Professionals use social networking to land jobs and advance their careers. When job hunting, a strong personal brand can boost the chances of getting an interview, but those who’ve yet to consider their online image may be in for some surprises. Employers admit that social media affects the hiring decision because a quick Google search can reveal lots about a candidate’s technical and cultural fit.
Although common practice, many job seekers carry onward, posting inappropriate material online or neglecting the social sphere altogether, because they believe not all employers screen via social media. Well, let’s see what the statistics have to say:
- Career Builder reports 51% of employers have denied applicants because of online content (43% in 2013 and 34% in 2012);
- Cross Tab Marketing estimates 75% of companies have policies in favour of online screening;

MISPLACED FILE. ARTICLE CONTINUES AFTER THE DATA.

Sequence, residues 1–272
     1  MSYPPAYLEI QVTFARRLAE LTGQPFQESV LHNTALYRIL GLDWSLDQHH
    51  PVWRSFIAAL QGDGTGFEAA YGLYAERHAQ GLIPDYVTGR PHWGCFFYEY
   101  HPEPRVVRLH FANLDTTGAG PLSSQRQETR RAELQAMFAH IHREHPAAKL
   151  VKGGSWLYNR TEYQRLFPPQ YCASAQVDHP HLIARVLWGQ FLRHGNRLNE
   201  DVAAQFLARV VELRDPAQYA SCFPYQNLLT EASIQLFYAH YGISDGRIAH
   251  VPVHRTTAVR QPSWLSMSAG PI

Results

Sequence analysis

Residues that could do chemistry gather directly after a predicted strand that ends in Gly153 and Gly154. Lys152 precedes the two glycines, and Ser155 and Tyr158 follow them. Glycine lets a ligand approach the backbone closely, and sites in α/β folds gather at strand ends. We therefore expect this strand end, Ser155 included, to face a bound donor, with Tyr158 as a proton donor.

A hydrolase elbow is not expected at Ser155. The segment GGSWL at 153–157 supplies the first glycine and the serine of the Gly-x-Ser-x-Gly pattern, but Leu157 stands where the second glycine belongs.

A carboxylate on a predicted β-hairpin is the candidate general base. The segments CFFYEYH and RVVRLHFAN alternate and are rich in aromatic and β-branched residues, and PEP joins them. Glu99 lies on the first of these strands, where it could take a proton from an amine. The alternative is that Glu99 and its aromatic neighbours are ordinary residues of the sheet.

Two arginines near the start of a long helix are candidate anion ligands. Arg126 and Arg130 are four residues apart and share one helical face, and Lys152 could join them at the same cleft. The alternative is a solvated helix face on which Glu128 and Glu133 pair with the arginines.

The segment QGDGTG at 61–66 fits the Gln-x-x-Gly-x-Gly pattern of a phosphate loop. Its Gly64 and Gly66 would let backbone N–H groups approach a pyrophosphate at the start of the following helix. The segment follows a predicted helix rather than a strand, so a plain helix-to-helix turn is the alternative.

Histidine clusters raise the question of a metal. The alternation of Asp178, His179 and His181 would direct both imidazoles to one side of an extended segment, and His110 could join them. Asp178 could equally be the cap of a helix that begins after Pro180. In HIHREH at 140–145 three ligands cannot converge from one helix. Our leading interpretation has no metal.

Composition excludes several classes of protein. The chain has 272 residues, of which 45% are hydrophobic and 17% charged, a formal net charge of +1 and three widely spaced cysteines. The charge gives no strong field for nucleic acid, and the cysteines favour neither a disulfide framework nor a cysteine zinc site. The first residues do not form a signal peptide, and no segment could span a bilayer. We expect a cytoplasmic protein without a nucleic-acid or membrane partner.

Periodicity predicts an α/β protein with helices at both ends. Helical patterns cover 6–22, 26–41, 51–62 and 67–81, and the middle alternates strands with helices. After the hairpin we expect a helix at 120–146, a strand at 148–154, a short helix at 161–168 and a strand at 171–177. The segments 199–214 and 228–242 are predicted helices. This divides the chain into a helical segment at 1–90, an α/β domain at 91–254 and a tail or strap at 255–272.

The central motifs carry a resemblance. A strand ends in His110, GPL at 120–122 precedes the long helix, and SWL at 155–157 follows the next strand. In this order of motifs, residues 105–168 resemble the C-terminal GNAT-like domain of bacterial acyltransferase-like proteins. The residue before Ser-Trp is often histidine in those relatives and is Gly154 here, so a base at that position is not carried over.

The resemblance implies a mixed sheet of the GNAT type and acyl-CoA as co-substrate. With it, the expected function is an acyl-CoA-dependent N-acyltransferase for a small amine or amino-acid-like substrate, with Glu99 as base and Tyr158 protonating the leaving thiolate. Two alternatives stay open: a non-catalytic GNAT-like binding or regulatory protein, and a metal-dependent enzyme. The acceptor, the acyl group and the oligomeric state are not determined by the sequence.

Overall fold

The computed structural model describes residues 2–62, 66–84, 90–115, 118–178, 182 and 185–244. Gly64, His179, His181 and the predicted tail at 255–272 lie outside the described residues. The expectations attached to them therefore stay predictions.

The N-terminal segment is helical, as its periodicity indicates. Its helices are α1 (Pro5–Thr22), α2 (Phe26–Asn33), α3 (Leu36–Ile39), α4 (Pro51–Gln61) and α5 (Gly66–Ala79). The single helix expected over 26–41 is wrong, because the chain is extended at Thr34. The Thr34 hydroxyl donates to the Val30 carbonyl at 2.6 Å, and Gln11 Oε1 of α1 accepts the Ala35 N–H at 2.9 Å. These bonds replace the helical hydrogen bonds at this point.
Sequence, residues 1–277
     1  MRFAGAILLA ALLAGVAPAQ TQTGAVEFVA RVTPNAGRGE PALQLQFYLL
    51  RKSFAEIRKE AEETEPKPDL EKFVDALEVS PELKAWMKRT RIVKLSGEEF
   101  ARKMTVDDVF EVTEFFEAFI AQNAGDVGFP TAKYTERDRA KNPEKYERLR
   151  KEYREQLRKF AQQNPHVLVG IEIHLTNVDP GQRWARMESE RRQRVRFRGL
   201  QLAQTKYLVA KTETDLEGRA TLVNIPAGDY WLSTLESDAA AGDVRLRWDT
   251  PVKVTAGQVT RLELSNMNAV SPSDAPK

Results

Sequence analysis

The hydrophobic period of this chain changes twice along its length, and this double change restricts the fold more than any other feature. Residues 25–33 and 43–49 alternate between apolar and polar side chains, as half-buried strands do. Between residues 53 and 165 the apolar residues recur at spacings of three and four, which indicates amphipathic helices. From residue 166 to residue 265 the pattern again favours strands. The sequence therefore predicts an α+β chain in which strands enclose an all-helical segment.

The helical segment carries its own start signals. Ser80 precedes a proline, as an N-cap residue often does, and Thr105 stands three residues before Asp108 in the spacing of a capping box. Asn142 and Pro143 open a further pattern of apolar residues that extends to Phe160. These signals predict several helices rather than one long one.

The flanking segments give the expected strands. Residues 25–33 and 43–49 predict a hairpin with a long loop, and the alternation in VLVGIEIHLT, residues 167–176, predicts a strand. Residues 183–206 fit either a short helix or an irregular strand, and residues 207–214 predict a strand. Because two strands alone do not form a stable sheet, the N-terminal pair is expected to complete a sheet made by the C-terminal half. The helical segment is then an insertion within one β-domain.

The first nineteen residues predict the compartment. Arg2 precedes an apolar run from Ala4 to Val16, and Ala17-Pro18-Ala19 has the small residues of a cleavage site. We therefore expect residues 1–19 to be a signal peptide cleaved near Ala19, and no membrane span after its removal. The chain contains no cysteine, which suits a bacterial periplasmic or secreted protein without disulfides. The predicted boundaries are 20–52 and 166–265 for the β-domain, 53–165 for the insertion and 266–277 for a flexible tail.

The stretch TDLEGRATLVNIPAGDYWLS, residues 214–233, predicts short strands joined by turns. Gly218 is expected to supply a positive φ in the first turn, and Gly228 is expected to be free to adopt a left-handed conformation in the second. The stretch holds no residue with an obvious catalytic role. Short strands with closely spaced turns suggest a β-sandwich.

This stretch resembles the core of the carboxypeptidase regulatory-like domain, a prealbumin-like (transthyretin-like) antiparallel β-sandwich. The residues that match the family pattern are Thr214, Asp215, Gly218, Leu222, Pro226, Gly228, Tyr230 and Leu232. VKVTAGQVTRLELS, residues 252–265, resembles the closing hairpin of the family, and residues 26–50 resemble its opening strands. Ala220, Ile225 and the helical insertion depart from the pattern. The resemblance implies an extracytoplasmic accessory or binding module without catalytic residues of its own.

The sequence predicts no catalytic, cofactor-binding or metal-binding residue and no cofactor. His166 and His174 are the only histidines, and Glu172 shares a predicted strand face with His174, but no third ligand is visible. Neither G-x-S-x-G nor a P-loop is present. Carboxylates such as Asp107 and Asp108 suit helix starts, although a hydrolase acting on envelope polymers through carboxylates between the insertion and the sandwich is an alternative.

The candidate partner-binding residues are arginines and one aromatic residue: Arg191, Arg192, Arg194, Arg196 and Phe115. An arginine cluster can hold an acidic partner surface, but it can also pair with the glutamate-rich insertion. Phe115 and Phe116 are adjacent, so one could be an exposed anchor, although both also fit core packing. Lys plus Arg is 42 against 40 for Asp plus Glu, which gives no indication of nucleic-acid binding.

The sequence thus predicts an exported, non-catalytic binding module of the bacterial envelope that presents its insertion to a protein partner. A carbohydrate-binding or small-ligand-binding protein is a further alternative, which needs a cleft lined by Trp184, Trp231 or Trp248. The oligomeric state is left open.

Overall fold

- Workopolis notes that 60% of job seekers anticipate social screening in Canada, 25% of whom view this practice as unethical;
- William Staughton at North Carolina State University concludes two-thirds of professionals believe social screening to be an invasion of privacy (results compiled from two separate studies).
The above outlines only some available research in this field. For more information, consult Reppler’s Infographic on social media applicant screening.
Unfortunately, whether or not you agree with social screening, it happens. To protect yourself, then, understand the things that negatively affect your chances of employment – inappropriate photographs, posts about alcohol or drugs, poor communication skills, discriminatory comments, criminal behaviour and so on – as well as those that might improve your eligibility – cohesive branding, creative or valuable content contributions and so on.
About: FlexStaf-IT is a Canadian-based organization that connects qualified I.T. personnel with companies offering short- or long-term contract assignments, permanent placement positions, and fully managed end-to-end I.T. project solutions. [Job Seeker’s Handbook 1] [Job Seeker’s Handbook 2].